Equestrian star killed after horse falls on him

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A Northern Ireland event rider has been killed after his horse landed on top of him in a horrific fall while competing in England.

Ian Olding, originally from Carrickfergus, died while taking part in an advanced section of the Belton Horse Trials in Lincolnshire, England.

The 47-year-old was killed during the cross-country phase of the National Advanced class when his horse, the 12-year-old Gran Kiki, fell on top of him at the 13th fence on the track.

A full-time professional eventer, the rider lived much of his life in Carrickfergus and moved to England 12 years ago, where he was based at Somerton Park Farm in Condelton, Cheshire.

It is understood that his parents and brother Gary still live in the Carrickfergus area and have been informed of the tragedy.

Mr Olding was a vastly experienced competitor and had ridden Gran Kiki up to 3-Star International level during their six-year partnership. They completed the tough international three-day-event at Boekolo in Holland last October and their last international outing was at Burnham-Market in Britain a few weeks ago.

Templepatrick eventer Rachelle Harding has known Mr Olding since she was a young teenager as they grew up in the same area.

She said she was devastated to hear of the death of a “good friend and a real, real character”.

“I was speaking to him not that long ago. It was a complete shock when word came through from a friend that he had been killed. I was always delighted to see him pulling up at events because he was a real comedian, the joker who kept everyone going.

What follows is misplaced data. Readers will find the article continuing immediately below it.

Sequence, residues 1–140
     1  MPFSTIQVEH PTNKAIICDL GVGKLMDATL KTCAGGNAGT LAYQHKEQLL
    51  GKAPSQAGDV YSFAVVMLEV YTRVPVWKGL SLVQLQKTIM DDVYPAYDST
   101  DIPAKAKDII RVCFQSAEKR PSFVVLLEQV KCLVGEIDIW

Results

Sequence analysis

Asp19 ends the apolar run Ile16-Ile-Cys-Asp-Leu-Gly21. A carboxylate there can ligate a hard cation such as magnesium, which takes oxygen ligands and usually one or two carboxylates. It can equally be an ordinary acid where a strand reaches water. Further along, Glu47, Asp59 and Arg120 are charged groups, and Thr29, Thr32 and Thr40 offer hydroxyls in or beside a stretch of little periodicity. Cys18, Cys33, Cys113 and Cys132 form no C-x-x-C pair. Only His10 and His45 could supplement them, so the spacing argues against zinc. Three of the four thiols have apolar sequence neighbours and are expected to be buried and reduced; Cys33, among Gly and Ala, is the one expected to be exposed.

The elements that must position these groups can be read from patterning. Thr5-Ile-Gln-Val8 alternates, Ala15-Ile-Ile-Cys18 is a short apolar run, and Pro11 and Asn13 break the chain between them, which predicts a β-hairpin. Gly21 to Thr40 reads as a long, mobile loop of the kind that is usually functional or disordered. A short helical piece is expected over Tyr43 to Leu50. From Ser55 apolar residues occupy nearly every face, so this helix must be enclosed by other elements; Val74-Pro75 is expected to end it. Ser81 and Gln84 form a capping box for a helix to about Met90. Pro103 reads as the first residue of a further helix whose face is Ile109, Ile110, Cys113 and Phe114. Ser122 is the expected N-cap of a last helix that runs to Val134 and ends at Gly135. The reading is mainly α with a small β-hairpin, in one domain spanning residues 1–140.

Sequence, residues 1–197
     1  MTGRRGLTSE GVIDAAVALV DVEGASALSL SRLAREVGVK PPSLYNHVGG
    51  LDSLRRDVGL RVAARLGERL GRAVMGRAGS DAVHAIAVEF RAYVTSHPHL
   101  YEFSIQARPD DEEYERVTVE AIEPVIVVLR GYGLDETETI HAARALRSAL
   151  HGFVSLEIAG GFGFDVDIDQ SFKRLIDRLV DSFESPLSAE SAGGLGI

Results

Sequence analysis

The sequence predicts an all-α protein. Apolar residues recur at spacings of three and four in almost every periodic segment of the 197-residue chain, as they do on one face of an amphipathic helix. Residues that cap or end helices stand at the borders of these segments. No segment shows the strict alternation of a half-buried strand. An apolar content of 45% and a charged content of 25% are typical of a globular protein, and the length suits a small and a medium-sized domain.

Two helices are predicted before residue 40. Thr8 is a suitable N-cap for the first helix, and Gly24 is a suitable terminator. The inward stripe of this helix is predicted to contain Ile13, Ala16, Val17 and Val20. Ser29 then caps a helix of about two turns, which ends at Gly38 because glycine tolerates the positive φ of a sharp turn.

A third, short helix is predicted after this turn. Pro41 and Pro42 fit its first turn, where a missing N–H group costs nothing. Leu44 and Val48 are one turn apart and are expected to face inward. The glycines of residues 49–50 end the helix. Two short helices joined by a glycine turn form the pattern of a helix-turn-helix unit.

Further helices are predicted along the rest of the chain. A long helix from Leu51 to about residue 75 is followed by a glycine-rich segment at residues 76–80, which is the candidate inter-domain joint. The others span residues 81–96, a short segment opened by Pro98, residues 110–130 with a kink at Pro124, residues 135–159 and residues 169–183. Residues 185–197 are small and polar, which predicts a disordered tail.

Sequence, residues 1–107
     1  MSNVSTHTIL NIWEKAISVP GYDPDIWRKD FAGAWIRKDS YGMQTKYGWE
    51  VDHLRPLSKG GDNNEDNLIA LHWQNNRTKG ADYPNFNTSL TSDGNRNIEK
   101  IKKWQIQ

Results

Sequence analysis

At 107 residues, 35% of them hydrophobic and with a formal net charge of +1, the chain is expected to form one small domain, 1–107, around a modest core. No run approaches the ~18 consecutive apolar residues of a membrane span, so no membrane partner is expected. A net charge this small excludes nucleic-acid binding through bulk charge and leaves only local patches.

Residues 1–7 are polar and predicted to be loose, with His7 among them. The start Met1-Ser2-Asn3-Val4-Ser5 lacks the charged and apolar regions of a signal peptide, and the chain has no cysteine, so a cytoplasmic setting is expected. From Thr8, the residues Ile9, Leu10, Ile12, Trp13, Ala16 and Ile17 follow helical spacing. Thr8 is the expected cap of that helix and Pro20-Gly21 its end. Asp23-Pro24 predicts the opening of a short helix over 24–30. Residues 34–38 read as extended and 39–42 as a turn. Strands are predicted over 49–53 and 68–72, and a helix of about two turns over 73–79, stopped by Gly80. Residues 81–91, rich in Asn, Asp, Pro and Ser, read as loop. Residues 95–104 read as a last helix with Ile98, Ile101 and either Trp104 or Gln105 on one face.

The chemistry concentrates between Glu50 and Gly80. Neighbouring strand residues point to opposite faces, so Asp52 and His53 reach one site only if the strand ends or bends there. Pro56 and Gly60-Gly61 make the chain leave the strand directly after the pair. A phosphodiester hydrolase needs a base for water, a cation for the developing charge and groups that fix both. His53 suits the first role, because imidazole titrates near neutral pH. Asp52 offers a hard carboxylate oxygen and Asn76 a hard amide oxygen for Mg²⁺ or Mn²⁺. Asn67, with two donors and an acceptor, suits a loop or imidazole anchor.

Mr Olding is the third rider from Ireland to die in a year. Karen Rodgers, a 41-year-old TV producer, took a fatal fall while competing at Ballindenisk in Cork in April 2008 and last August 45-year-old Stephen Moore died suddenly just weeks after suffering what appeared to be relatively minor injuries at an event in Antrim.

Stephen was twin-brother of Sam Moore, who was killed in a fall at Blenheim Castle in 1997.

In 1998, popular Irish international Capt David Foster died at an event near his Co Meath home and in 2006 the sport was severely shaken by the loss of 28 year-old Portadown talent, Sherelle Duke.

Ms Harding (39) said her friend’s death had brought back bad memories of other riding tragedies.

“It doesn’t seem that long since we had to cope with the deaths of Sherelle Duke and Stephen Moore. Losing another friend is very hard to swallow.

“Riding is our adrenaline. Ian went doing what he loved. When you hear of deaths you just keep on doing it because it’s our way of life.

“Ian was very much a part of the riding community in Northern Ireland and his death is a very big loss. It’s such a shock.”

An investigation has been launched into Mr Olding’s death, which led to a two hour delay in the competition. It resumed after two fences were removed from the course.

Ten years ago, the sport went through a horrific phase when five riders died within four months of each other at British fixtures, leading to a major overhaul of the sport.

The majority of eventing fatalities result from what are known as “rotational” falls, where the horse hits a solid fence, catapults the rider onto the landing side and then falls on top of them, and significant changes have been |introduced to address the issue.

These have included the use of “frangible pins” designed to collapse the fence when hit with force, and the controversial |removal of the roads-and-tracks and steeplechase phases of the three-day-event.

A total of 15 deaths were recorded internationally in the two-year period between August 2006 and August 2008 and British Eventing has been at the forefront of the drive to improve safety.

This story was sourced from The Belfast Telegraph.